One of the most prevalent themes in philosophy until the 20th century is the belief that
everything has an "essence" that makes each thing a thing of that kind. Ancient
philosophers from Plato onward believed that in order to truly understand something it
was necessary to grasp or have an understanding of its essence. Until recently, the
belief that everything has a fixed, unchanging or "given" essence has seldom been
seriously challenged. We could call this belief "classical essentialism" and it underlies a
great deal of our thinking that everything has a normal or natural purpose and that this
purpose should not be circumvented or frustrated, otherwise we end up "perverting"
something's natural function. Historical influences on essentialism have come from
areas as diverse as philosophy, religion and science, with all three of these sources of
knowledge informing us what the "normal or natural function" of something is and
sexuality is no exception. With this in mind respond to the following questions in your
1. If Smith is correct, then sex also has a given "essence" or a fixed purpose. According
to Smith what is this purpose and on what grounds does she present her case for
- So we can know and correspond our actions to
- Reasons: things act in a predictable fashion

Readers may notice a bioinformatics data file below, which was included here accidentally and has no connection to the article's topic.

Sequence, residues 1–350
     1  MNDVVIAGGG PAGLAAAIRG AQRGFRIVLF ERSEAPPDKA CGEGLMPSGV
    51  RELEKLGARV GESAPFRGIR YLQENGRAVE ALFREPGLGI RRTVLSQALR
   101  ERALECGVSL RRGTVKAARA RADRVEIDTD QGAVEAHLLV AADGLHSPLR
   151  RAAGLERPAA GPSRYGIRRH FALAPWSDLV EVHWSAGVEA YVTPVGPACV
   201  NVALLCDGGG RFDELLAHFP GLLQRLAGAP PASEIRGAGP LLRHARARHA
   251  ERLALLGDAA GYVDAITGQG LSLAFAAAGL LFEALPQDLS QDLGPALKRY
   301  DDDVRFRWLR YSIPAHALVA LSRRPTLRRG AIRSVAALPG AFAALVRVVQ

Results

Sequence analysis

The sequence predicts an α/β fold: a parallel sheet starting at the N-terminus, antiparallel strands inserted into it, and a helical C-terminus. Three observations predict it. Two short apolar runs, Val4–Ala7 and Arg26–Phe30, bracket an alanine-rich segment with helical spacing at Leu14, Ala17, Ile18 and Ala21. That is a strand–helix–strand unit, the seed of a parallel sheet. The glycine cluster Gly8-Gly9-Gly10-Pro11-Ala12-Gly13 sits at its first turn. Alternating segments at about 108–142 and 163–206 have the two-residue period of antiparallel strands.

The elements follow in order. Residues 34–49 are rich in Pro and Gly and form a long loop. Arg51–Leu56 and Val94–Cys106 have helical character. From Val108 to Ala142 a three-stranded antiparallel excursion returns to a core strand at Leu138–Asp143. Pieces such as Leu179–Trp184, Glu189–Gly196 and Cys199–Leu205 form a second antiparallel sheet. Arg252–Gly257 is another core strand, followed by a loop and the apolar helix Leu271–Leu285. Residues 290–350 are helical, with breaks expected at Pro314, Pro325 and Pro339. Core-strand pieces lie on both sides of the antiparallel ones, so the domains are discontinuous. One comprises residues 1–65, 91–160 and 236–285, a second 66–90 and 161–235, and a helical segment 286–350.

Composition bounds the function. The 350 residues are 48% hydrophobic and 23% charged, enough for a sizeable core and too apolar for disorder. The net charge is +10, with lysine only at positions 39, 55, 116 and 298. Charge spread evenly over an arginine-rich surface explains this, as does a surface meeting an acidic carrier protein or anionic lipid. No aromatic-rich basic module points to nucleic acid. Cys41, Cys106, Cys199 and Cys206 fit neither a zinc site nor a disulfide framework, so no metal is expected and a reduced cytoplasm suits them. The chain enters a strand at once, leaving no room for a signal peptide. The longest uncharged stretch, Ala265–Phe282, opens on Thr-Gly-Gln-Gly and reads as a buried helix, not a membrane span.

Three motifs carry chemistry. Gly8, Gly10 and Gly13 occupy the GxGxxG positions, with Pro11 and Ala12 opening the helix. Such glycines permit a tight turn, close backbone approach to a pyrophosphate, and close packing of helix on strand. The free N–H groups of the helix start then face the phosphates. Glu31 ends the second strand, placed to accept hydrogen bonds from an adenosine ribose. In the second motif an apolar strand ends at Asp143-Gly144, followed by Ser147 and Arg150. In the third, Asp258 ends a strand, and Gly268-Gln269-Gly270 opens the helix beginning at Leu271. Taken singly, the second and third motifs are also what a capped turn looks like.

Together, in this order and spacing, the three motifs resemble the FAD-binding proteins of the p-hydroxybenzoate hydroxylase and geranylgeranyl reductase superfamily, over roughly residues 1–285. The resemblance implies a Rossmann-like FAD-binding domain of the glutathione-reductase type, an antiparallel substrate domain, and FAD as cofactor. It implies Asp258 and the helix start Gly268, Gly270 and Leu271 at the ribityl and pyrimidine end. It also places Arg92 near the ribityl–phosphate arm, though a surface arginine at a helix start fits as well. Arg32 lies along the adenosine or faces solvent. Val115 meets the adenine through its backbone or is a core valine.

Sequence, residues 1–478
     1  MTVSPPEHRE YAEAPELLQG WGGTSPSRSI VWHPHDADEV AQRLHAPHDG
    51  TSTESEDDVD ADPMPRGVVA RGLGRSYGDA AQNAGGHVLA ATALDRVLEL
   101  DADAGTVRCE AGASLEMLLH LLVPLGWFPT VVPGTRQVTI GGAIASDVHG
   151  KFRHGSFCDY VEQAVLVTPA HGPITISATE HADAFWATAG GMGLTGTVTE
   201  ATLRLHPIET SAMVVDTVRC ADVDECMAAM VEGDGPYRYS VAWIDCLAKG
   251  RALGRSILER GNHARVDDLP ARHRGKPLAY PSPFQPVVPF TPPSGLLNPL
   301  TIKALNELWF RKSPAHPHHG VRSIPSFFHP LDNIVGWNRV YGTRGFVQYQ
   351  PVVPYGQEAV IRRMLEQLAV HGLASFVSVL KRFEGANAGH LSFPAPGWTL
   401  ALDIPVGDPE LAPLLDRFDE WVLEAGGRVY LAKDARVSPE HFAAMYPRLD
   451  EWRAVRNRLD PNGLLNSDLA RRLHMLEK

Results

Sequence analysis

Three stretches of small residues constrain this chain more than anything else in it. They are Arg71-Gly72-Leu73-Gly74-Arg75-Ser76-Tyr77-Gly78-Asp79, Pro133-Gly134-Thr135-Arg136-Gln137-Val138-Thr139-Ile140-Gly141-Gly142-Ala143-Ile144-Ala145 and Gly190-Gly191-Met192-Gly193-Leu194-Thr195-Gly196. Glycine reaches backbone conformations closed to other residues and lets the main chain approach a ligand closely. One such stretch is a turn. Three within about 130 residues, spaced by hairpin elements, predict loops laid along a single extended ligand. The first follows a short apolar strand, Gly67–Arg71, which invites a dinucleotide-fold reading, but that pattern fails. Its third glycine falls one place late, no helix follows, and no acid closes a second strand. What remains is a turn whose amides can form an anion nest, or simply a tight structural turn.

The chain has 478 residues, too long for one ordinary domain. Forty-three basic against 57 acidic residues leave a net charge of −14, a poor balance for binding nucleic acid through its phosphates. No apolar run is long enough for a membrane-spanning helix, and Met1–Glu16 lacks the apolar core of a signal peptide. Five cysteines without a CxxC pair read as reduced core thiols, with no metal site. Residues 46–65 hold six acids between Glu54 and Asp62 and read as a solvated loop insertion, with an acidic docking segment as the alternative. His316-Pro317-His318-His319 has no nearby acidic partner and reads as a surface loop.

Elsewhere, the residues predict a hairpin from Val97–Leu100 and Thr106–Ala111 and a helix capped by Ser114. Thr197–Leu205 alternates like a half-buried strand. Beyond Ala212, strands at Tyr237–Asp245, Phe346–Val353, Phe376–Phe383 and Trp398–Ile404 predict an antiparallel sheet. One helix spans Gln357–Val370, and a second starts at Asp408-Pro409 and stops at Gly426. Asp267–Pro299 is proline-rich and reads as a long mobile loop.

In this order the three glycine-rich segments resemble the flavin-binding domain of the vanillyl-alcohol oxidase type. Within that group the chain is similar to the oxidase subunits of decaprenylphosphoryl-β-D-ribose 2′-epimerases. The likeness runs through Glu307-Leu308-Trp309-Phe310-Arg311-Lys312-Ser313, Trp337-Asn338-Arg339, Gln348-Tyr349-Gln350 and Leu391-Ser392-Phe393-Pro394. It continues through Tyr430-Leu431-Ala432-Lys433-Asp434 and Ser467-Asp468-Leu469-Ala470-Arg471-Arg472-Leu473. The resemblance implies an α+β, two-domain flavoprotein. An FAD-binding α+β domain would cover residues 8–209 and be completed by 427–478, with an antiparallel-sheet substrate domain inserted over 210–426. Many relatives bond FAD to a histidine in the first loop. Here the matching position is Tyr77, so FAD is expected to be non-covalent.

o Natural instincts of natural things are good for them to be as so
o Act within the ratio = good
- “right opinion” – acting rationally?
- Use of rhetoric: “something has gone wrong here?”
- Condom and “safe sex” = responsible sex? or is responsible sex abstinence until
prepared for babies?
o Contraception as being “unnatural”
- Intimately and naturally connected with having babies and with creating strong
bonds between the sexes
- Natural law ethics: live in accordance with reality; although nature limits us if we
do, it is for the greater human good
- Feels like smith employs a lot of rhetoric and her claims are somewhat subjective
o Slippery slope!
According to Smith, natures and essences allow humans to know the purpose of sex.
By behaving in accordance to this essence - through "natural" actions/instincts -
individuals would be doing good for themselves. She claims that the essence/purpose
of sex is for the perpetuation of the human species as well as to create intimate bonds
between the sexes. Smith argues that the modern perspective on sexual essentialism
has become dependent on the use of contraception and that this has made society careless, irresponsible, and unprepared for the consequence that is child birth. She
argues that this is bad for humanity as she believes society minimizes the
consequences of sex: with or without contraception, they are the same and an
individual either gets pregnant or not. However, Smith believes contraception is worse
for humans (especially females)